• You can adjust in real time: With the right tools and the right metrics, you can adjust your website almost as fast as users are interacting with it. If one approach isn’t working well, quickly roll back your website. If you find success, scale those efforts across multiple pages. You can control your website more than any other area of the digital world; personalisation helps maximise its effectiveness
  • You can identify known users: One of the most significant moments in the customer journey is when previous customers return to your site. If you are selling products or registering visitors online, you can use that data to greet them and showcase more relevant content on your site. When retention is more important than acquisition, how do you talk to your customers? Do you highlight their purchases, preferences, or status on your website in some way? Consumers who have registered tend to assume you’re tracking their data. Find ways to make it benefit them
  • You can identify new visitors: Even if you don't know who specifically is on your website, you can still leverage IP addresses for personalisation. This is the digital address of each location, and it changes depending on what network a person is using at the time. While working on your laptop in Starbucks, you use the same IP address as the other dozen people using the network. Your IP address changes when you go home to your personal Wi-Fi network, and if you travel to Spain, the IP addresses you use will be Spanish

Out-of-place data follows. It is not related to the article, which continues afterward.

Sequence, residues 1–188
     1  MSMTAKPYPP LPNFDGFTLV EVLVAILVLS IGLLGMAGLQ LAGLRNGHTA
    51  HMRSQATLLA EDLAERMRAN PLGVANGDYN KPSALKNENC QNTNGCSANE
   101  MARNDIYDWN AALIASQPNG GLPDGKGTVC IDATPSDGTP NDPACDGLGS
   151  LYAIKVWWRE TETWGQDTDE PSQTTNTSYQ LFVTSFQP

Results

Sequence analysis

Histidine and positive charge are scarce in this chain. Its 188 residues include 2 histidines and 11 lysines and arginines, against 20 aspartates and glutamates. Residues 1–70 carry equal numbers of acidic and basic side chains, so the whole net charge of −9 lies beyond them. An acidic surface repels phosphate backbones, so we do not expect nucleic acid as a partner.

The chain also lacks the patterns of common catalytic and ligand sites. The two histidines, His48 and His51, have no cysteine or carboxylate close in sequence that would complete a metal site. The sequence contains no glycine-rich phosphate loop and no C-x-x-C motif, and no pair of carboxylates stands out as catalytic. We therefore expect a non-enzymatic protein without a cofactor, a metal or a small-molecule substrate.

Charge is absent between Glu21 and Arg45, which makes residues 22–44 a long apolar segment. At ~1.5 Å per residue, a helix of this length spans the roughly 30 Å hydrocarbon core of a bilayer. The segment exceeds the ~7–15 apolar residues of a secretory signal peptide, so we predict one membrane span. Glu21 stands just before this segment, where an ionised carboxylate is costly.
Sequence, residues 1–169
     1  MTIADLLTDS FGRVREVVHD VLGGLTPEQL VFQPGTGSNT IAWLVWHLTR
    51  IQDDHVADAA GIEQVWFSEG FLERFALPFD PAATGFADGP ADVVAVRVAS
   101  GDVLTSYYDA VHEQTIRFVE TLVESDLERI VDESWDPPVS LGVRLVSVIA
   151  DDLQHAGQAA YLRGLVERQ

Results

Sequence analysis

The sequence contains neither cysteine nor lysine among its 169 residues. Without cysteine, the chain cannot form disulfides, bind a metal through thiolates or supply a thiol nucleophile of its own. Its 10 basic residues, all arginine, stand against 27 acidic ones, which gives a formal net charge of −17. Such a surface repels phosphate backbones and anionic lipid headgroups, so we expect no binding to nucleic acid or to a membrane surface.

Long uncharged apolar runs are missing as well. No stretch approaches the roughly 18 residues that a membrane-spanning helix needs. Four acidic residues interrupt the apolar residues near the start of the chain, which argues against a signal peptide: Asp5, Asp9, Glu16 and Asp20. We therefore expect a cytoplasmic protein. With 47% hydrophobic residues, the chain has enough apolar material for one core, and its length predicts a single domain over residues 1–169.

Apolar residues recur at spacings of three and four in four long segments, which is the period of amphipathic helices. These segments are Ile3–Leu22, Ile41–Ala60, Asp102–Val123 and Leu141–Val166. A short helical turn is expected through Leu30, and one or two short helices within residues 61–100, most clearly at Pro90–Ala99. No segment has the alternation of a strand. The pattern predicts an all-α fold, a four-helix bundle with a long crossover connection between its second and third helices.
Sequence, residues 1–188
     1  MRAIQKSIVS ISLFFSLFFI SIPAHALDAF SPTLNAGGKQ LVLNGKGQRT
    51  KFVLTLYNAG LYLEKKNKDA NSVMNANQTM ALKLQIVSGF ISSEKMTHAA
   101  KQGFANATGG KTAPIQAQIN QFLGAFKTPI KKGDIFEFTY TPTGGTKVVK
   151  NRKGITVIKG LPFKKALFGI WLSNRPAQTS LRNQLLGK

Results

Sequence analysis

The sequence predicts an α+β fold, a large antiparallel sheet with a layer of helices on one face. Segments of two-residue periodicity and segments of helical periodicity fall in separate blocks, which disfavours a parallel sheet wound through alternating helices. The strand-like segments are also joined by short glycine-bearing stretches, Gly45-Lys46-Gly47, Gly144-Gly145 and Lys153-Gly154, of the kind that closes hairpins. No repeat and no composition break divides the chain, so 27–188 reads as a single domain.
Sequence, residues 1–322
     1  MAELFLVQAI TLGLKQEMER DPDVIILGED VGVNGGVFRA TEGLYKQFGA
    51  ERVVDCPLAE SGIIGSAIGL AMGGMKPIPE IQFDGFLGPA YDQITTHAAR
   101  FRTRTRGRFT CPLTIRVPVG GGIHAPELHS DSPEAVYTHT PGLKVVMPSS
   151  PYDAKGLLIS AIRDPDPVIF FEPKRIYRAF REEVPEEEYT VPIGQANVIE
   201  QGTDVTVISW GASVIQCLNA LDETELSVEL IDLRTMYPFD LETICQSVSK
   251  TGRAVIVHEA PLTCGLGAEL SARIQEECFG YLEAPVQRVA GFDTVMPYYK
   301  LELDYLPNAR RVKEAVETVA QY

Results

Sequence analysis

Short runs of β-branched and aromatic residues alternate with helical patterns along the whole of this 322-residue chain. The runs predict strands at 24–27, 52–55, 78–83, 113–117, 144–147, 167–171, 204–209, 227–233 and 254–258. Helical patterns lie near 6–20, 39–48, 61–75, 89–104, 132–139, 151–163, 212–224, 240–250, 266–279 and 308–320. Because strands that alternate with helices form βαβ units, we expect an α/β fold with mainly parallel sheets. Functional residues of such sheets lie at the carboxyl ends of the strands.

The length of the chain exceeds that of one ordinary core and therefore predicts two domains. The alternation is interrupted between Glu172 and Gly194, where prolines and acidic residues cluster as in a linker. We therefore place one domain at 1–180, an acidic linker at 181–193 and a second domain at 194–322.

Of course, everyone working from the same IP address will not have identical needs, but you can still use this data to make observations about language preferences, time of day, seasonality, currency, etc. In this way, you can make new visitors feel like your brand recognises them and their needs.

Using personalisation to achieve goals

With all these potential benefits, keep in mind that doing personalisation for the sake of personalisation is a waste of time. So as you begin experimenting, be sure to clearly define your KPIs so you can measure them against specific, measurable goals. Look at click-through rates, conversion rates, scroll and exit rates, time spent on the site, and other relevant metrics to determine whether you are improving the overall engagement on your site.

Then, look at ROI. Was the investment worth the lift? Did your numbers stay flat? Or worse, did personalisation backfire and have a negative impact on performance indicators? As you evaluate changes, keep your goals top of mind and adjust your strategy accordingly.

Personalisation is a powerful tool in engaging consumers with your brand, but it can also drive people away. If you start personalisation on your website and make sure concrete goals drive your strategy, you can surprise and delight users in unique ways to stand out in the noisy digital landscape.

Interested in hearing leading global brands discuss subjects like this in person?

Find out more about Digital Marketing World Forum (#DMWF) Europe, London, North America, and Singapore.